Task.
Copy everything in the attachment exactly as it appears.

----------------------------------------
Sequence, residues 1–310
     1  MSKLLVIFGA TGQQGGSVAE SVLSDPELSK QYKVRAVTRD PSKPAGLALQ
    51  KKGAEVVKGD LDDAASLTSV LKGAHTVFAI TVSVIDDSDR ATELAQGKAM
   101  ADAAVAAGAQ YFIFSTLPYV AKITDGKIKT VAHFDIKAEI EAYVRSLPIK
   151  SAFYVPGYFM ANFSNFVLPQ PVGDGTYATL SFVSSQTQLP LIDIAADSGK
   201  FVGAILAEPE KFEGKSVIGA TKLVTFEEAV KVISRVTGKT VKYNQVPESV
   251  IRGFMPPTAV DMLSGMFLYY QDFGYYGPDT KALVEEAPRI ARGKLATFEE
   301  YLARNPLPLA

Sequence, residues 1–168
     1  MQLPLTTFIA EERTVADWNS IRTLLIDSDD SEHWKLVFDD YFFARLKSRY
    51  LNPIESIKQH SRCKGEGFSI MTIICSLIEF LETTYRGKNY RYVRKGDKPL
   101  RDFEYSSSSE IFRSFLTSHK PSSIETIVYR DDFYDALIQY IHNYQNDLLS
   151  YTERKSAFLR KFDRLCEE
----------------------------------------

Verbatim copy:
Sequence, residues 1–310
     1  MSKLLVIFGA TGQQGGSVAE SVLSDPELSK QYKVRAVTRD PSKPAGLALQ
    51  KKGAEVVKGD LDDAASLTSV LKGAHTVFAI TVSVIDDSDR ATELAQGKAM
   101  ADAAVAAGAQ YFIFSTLPYV AKITDGKIKT VAHFDIKAEI EAYVRSLPIK
   151  SAFYVPGYFM ANFSNFVLPQ PVGDGTYATL SFVSSQTQLP LIDIAADSGK
   201  FVGAILAEPE KFEGKSVIGA TKLVTFEEAV KVISRVTGKT VKYNQVPESV
   251  IRGFMPPTAV DMLSGMFLYY QDFGYYGPDT KALVEEAPRI ARGKLATFEE
   301  YLARNPLPLA

Sequence, residues 1–168
     1  MQLPLTTFIA EERTVADWNS IRTLLIDSDD SEHWKLVFDD YFFARLKSRY
    51  LNPIESIKQH SRCKGEGFSI MTIICSLIEF LETTYRGKNY RYVRKGDKPL
   101  RDFEYSSSSE IFRSFLTSHK PSSIETIVYR DDFYDALIQY IHNYQNDLLS
   151  YTERKSAFLR KFDRLCEE